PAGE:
Garbstore is rooted in history, taking cues from pieces produced in the 1940s and 1950s and reinterpreting them with a modern edge (or what Paley refers to as becoming "unfamiliar vintage") — garments that could have existed in the past but have been altered to become something else. The brand is also noted for its quality — looking to Japanese craftmanship and superior materials in the production of each collection. 


Above: LA meets UK in the SS14 Garbstore collection


This is the third year Reebok and Garbstore have worked together to produce shoes that riff on each of the brand's ideals: classics with a twist. This collection takes classic shapes of Reebok sneakers and alters them with unexpected details: exterior stitching, muted colorways, and heavy contrast. It's a fresh update for fall; we're into it. 



Above: watch more on the collab via Hypebeast, courtesy of Garbstore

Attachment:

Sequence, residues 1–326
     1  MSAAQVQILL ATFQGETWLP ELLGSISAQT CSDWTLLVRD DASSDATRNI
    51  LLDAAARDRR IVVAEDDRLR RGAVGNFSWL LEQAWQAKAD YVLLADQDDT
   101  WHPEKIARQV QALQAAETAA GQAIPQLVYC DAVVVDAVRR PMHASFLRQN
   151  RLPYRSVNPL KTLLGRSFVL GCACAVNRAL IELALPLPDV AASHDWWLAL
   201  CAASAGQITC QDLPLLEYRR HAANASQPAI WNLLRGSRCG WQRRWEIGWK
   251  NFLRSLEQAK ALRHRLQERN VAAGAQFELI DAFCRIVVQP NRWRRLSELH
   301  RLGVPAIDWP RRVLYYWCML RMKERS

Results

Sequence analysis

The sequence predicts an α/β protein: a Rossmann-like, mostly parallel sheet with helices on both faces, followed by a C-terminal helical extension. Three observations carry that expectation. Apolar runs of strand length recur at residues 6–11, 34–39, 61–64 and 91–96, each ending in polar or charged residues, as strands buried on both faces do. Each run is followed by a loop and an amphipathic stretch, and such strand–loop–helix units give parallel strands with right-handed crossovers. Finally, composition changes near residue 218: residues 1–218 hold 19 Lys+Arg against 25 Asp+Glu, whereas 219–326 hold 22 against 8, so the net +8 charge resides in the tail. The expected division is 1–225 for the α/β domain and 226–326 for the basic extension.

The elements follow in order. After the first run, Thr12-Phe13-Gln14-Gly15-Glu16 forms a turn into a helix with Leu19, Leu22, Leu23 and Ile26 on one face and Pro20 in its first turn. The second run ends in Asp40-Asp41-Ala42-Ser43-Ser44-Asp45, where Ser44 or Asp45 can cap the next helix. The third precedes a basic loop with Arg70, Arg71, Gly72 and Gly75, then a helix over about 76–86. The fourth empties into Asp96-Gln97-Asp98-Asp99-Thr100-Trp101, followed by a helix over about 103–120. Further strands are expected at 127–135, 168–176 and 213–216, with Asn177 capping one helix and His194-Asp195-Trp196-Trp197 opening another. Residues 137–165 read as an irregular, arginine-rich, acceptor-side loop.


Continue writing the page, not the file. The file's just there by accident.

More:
Brands We Love: Lipstick Queen

Lipstick Queen makes some of our favorite lip colors — bold but totally wearable, the colors are rich (but not over-the-top) and the texture is just-right matte. Also, the packaging is amazing. The end. To learn more about the story behind the cult favorite brand, we talked with founder Poppy King (who started her first lipstick line when she was just 18!) about her own personal history with lipstick, what goes into developing the perfect shade, and how to squelch "can I pull off red lipstick?" fears. 
Instagram images courtesy of Lipstick Queen.


Hi Poppy! Tell us about when you first started wearing lipstick.